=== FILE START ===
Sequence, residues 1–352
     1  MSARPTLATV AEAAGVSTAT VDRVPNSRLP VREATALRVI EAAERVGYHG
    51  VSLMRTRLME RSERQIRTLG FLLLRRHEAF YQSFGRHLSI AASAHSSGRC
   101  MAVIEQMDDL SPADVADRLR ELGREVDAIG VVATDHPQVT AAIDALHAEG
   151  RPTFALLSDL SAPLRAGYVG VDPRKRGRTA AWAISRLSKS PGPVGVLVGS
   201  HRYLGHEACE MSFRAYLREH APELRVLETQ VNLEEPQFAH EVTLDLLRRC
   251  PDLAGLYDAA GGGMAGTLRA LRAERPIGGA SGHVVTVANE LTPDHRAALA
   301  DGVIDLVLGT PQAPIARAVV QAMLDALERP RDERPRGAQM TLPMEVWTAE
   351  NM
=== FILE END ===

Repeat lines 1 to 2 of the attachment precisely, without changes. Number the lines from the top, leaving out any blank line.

Sequence, residues 1–352
     1  MSARPTLATV AEAAGVSTAT VDRVPNSRLP VREATALRVI EAAERVGYHG